About the performance
Carmina Burana by German composer Carl Orff (1895–1982) is today considered one of the most famous musical stage works (stage cantatas) completed in 1936, during the rise of Nazism, although the Nazis described Orff’s music as degenerate (“entartete Musik”). In Carmina Burana, following Richard Wagner’s idea of the total artwork (Gesamtkunstwerk), Orff wanted to realize the concept of “theatrum mundi”, a “theatre of the world”, in which music is closely intertwined with movement and speech. Orff’s artistic configuration has consequently adapted the musical flow to such an extent that music as a sound phenomenon can only be fully realized through a dramatic context on stage, which can be hardly achieved by contemporary and purely concert renditions of Carmina Burana.
While writing this complex work with the full Latin title Carmina Burana: Cantiones profanae cantoribus et choris cantandae comitantibus instrumentis atque imaginibus magicis (Poems from Beuern: Secular Songs for Singers and Choirs Performed with Instruments and Magic Images) Orff created a unique musical stage work with specific dramaturgy, using a preserved medieval poetry codex consisting of as many as 254 poems composed in the secular Latin of vagabond students, Middle High German and Old French between the 11th and 13th century. Orff focused primarily on a series of individual episodes that are very different in meaning and character, and not so much on (in the strict classicist sense) the evolutionary construction of the musical whole, so it is not surprising that we won’t find overly complex harmonies in the work. In favour of unleashing the full expressivity of the sung text, the latter is often set in unusually high registers of all three vocal parts, most notably in the tenor aria Olim lacus colueram, “falsetto” aria for baritone Dies, nox et omnia and soprano aria Dulcissime.
When composing the cantata Carmina Burana, which, together with the other two cantatas Catulli Carmina (Catullus’ Songs) and Trionfo di Afrodite (The Triumph of Aphrodite), form a triptych Trionfi (Triumphs), Orff found his inspiration in relatively simple but dramatically effective melodies of late Renaissance poems, especially the madrigals of William Byrd and Claudio Monteverdi. In creating a dazzling orchestration that has the potency of evoking pompous dramatic moments, including the introductory O Fortuna, velut luna statu variabilis (O Fortuna, you are like a changing moon), Orff was inspired by Stravinsky’s early oeuvre – especially his ballet Les noces (The Wedding) – for which rhythm was the primary musical element. Rhythm will also be crucial in determining the entry point with which Edward Clug, in his characteristic poetics, tackles his inspiring choreographic exploration of medieval mysteries and various perspectives on life, which were in fact – in contrast to our often narrow-minded perception of the proverbially “dark” Middle Ages – very liberal and can be paralleled to modern hedonism.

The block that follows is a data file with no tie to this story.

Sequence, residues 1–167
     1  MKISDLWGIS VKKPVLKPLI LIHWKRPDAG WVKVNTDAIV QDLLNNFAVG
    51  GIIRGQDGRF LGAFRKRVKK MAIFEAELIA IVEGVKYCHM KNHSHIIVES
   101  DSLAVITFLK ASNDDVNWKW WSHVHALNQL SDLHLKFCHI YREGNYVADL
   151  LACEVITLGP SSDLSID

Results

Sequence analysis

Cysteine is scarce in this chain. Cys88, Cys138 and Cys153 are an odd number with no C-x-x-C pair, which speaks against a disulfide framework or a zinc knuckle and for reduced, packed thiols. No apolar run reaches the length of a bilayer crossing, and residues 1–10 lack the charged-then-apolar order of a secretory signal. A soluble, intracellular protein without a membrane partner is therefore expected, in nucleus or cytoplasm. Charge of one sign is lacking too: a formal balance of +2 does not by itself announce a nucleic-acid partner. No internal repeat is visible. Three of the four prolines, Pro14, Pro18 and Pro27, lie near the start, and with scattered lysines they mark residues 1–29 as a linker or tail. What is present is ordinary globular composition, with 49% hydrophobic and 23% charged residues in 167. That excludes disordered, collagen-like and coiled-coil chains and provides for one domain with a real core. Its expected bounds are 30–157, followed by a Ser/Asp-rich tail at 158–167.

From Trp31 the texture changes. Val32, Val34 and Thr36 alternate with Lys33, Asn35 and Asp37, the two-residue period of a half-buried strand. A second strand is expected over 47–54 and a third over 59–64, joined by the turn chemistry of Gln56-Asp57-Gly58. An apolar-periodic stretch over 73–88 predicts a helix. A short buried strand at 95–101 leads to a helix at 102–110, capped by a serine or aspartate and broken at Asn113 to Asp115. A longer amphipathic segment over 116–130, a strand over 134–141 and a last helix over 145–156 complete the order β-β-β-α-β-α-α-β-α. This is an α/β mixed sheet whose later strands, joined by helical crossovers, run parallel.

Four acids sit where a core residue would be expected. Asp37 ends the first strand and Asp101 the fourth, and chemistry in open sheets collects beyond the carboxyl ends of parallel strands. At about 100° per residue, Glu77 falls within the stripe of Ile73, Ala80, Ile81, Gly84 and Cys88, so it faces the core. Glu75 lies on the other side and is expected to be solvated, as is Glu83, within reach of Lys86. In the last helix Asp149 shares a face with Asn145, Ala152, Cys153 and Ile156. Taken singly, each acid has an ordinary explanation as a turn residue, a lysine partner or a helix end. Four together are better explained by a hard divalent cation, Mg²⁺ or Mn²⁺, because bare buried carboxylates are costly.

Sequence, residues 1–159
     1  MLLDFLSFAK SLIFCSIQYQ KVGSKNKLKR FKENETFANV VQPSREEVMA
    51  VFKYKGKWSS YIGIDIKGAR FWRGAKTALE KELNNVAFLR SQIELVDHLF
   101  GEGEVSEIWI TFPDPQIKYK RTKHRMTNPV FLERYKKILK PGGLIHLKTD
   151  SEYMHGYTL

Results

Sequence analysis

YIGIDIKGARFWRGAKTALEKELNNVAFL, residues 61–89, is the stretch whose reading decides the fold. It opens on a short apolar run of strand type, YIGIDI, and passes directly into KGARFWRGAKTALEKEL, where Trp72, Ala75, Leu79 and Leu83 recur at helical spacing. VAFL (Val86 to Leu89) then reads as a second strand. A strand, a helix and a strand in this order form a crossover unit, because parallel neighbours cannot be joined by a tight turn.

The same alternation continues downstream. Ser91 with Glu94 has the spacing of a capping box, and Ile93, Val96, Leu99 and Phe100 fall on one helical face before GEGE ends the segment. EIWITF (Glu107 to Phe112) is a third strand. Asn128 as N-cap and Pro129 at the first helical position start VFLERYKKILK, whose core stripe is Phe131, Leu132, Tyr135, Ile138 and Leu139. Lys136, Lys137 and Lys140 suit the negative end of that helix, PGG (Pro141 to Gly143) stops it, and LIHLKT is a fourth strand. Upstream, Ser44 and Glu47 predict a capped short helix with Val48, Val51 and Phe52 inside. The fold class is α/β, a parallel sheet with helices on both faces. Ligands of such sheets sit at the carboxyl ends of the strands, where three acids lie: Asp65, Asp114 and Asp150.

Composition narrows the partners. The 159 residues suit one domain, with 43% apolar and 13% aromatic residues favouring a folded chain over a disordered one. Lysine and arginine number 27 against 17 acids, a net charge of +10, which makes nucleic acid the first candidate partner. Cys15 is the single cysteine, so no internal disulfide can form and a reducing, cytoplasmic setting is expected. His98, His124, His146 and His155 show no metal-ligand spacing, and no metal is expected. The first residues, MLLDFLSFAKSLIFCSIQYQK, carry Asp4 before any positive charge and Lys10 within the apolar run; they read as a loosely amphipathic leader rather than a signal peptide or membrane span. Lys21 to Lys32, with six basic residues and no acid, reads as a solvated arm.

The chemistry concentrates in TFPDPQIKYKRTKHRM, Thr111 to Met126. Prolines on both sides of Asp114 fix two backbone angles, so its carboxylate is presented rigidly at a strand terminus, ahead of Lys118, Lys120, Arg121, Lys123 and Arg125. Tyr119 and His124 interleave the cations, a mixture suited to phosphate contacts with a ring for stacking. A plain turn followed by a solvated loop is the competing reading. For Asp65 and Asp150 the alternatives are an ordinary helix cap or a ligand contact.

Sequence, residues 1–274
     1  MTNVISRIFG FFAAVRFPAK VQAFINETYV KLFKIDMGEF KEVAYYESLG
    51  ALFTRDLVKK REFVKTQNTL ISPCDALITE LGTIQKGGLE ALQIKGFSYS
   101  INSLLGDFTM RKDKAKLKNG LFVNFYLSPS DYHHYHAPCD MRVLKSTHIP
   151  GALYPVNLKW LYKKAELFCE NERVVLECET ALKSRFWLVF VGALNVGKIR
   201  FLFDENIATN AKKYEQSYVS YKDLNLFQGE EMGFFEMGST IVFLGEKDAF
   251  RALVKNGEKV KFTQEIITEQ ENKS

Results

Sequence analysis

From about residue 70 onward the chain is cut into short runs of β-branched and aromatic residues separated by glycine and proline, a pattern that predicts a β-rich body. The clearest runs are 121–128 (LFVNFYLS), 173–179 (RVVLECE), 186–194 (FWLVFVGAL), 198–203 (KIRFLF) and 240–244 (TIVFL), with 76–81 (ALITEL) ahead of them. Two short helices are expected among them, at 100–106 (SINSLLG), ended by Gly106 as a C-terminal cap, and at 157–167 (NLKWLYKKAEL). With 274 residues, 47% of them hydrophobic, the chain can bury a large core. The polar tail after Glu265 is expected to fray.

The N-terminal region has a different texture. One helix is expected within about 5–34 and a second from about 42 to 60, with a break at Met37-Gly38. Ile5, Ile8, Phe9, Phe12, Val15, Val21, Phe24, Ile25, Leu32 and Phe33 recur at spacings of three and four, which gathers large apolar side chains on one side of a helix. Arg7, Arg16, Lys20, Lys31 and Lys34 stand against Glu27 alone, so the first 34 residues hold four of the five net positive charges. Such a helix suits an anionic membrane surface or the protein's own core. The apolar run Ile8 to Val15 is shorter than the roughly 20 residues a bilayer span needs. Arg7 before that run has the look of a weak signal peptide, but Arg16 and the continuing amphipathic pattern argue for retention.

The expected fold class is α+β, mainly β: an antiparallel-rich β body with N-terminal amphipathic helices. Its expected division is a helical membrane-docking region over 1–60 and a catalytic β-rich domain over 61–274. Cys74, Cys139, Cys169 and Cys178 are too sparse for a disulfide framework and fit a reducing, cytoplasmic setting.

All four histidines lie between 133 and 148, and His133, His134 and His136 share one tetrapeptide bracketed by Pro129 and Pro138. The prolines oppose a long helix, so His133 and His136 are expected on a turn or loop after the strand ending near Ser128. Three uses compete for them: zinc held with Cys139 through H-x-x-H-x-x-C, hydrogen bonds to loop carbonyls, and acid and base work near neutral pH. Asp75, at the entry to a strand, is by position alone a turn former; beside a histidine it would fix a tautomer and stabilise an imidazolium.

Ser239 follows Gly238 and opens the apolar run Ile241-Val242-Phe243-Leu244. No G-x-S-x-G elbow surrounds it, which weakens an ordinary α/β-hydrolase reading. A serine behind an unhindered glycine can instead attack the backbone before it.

The key visual element that Clug expands into a significant choreographic dimension is the circle, which is considered the simplest geometric form and at the same time the nature’s most perfect creation (in a circular shape, we find stars, planets, while celestial bodies usually move in elliptic rails). In addition, the circle is a symbol of ontological perfection and completeness, i.e. the transition of life to death and vice versa, as indicated by many alchemical symbols and emblems of either Eastern or Western esoteric traditions. The circle and its centre as a principle of gnosis acts as an initiation moment for dancers, as the primordial beginning of the dance collective, which takes the viewer through the continuous auditive stimulus of Orff’s music through different stages of life, energy states and psychic archetypes. Through Clug’s expressive masterful choreographing, a kind of evolution of life is manifested on the stage, significantly outlined by the forces of reflection and attraction. The choreographer’s vision conjures up an allegory in creating new rituals of life, which lead into gradual symbolic separation of the loving couple as the primordial cell of civilization. Along with the singing invocation, based on the texts from this famous medieval codex, the performance creates virtually all the conditions for a deep and intense spiritual experience of life through the synthesis of music, word and dance.
Celoten opis ENG